Birmingham Friends of the Earth is calling for the default limit on all residential roads in Birmingham to be set at 20 mph to make them safer for cyclists, pedestrians all road users and residents.

You may well have heard about this scheme as there has been a lot of press about it, with the government even looking at suggesting it as the advisory speed country-wide, although so far there is only a consultation on it. This shift in the debate has come about as a result of successful implementations of the limits in Portsmouth, Hull, areas of London and other cities across the UK, where it has clearly made a huge difference to people’s lives.




Why are Birmingham Friends of the Earth getting involved in a road safety campaign?

This is not just about road safety, but encouraging greener forms of transport, such as cycling and walking and reducing carbon emissions from driving. The fear of being hit by a car is one of the major reasons for people not using healthy and carbon neutral forms of transport. If cyclists and pedestrians consider the streets as dangerous, they are much more likely to use cars instead.

Britain’s roads are considered to be among the safest in Europe, but a child pedestrian is three times more likely to die here than in Italy and twice as likely as in France. The school run contributes a huge number of cars to our streets, as anyone who travels on the roads in and out of term-time will testify. Safer roads will encourage parents to let their children walk or cycle to school and 20 mph is a safe speed, as the stopping distance is far smaller and the risk of death or serious injury greatly reduced.

Can it really reduce carbon emissions?

Apart from the shift away from driving which could be anticipated, cars actually use less fuel when driven at 20 mph than 30 mph. Research has shown that less braking, less changing gear and less fuel consumption are all results of driving slower. Motoring organisations claim the opposite, but their assertions are based on being able to drive at a constant speed of 30 mph over a journey, which in a city with junctions, roundabouts traffic lights and other cars is, of course, impossible. Therefore, yes it can and we should push any measure we can to ensure the council is on course to cut emissions by the 60% that they are aiming for.

Won’t it be unpopular?

On the contrary, even when the government’s plan for a consultation on this was announced in The Sun newspaper recently, the comments online were overwhelmingly in favour. A British Social Attitudes Survey carried out in 2006 showed that three quarters of the population were in favour of blanket 20 mph limits for residential areas and they have been widely welcomed where they have been introduced.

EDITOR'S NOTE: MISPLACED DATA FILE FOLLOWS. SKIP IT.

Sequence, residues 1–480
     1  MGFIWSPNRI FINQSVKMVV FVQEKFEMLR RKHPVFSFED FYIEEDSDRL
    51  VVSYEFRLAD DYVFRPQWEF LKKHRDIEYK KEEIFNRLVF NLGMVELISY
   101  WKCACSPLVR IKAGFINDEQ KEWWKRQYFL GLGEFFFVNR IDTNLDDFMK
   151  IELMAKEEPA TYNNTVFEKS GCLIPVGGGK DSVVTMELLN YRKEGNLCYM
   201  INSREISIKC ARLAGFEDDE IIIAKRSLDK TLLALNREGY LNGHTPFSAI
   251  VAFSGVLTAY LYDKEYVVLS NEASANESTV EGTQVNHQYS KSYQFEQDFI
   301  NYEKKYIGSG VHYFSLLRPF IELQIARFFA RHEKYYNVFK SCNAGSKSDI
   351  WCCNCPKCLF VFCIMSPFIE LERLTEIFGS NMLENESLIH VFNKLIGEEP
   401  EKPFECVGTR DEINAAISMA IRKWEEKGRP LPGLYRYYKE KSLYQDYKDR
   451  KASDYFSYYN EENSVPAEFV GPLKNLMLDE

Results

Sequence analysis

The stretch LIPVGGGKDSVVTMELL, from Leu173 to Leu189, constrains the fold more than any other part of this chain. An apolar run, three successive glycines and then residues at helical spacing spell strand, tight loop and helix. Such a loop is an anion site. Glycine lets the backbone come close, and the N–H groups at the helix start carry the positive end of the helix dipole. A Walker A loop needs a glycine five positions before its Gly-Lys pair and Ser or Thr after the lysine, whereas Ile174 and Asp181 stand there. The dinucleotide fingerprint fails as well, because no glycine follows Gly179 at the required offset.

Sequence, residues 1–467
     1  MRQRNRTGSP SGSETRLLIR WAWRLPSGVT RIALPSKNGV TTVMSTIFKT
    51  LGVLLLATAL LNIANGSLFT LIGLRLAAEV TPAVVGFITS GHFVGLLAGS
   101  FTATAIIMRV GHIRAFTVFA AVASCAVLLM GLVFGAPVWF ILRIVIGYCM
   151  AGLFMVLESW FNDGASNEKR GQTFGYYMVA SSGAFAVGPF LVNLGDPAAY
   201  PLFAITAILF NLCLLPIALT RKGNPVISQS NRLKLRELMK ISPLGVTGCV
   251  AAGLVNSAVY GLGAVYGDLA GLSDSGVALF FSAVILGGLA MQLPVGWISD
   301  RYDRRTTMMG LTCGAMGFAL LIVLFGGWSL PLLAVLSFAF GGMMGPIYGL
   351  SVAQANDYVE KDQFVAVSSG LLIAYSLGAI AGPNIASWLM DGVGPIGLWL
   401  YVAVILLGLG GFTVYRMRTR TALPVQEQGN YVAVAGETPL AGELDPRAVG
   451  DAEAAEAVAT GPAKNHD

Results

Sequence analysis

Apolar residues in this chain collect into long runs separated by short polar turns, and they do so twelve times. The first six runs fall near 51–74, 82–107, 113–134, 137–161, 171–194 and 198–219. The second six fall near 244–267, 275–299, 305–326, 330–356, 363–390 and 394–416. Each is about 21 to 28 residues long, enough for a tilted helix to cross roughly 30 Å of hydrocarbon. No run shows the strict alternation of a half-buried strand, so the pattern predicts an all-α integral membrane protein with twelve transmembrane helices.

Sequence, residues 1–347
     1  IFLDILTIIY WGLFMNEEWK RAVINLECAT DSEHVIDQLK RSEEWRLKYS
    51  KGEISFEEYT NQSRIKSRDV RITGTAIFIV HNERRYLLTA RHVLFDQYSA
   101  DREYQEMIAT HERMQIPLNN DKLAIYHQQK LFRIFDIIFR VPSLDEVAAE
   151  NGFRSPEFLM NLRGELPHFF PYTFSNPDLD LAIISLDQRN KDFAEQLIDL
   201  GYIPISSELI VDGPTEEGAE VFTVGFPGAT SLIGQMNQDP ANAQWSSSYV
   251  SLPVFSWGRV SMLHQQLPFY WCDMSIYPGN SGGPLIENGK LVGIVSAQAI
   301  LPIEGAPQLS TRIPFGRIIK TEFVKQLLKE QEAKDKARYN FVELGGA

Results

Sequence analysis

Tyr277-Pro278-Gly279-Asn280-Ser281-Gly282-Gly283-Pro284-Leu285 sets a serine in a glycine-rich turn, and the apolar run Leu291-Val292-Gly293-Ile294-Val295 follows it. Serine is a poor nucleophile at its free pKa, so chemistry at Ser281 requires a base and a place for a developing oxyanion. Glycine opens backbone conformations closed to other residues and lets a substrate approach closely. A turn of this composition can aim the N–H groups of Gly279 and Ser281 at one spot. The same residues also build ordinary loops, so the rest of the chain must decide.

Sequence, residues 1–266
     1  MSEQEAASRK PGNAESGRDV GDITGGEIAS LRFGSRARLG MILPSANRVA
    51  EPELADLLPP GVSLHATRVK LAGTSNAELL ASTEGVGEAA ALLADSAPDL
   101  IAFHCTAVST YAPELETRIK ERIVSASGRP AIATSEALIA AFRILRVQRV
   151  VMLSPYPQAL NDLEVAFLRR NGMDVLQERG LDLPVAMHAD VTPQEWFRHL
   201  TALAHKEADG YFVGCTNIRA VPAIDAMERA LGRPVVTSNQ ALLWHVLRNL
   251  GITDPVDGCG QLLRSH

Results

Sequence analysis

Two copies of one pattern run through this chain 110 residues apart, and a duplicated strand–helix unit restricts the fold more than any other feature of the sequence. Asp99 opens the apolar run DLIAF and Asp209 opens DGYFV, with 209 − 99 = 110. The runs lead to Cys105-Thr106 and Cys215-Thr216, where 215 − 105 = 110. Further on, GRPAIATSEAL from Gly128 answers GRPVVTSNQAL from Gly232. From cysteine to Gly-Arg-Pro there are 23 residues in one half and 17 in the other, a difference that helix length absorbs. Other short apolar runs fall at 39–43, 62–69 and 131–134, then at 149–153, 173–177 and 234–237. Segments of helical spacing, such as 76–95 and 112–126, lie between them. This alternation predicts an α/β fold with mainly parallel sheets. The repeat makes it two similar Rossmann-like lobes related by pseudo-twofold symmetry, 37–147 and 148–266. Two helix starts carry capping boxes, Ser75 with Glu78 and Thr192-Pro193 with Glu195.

People’s fears about increased journey times are unfounded, as the reduction in congestion and improvement in traffic flow will mean there is hardly any difference and could actually cut journey times for some. Even if it adds two or three minutes (as calculated by some London boroughs) onto some journeys, isn’t it worth it for the number of lives that could be saved?


What about the cost in these recession-hit times?

A default speed limit would be far cheaper than introducing lots of isolated zones and would actually save money, too. Road deaths and injuries cost the NHS £470 million

and the UK economy £18 billion every year, so reducing the numbers of these would have a beneficial economic impact that would far outweigh any initial cost. We do not want speed bumps and cameras everywhere, just a shift to universal slower speeds on the roads.

Changing Birmingham for the better.

If we want to change this city from being “a noisy, polluted place into a vibrant, people-centred environment” (UK Commission for Integrated Transport report on the effects of 20 mph default limits), then this must be a large part of the solution. With more people out on foot and cycling, community cohesion will be better with more people talking to their neighbours and maybe even crossing the street to say hello without fear. We still need a better and more integrated public transport system too, to enable people to make longer journeys and avoid the worst of the weather, but this would be a great and easily achievable start.


We are looking to get people from all communities involved in this campaign and become 20 mph champions for their areas. If you would like to become involved, please contact us at or by using the contact details on this website.

Please get involved and let’s all encourage the council to make a real difference to Birmingham now.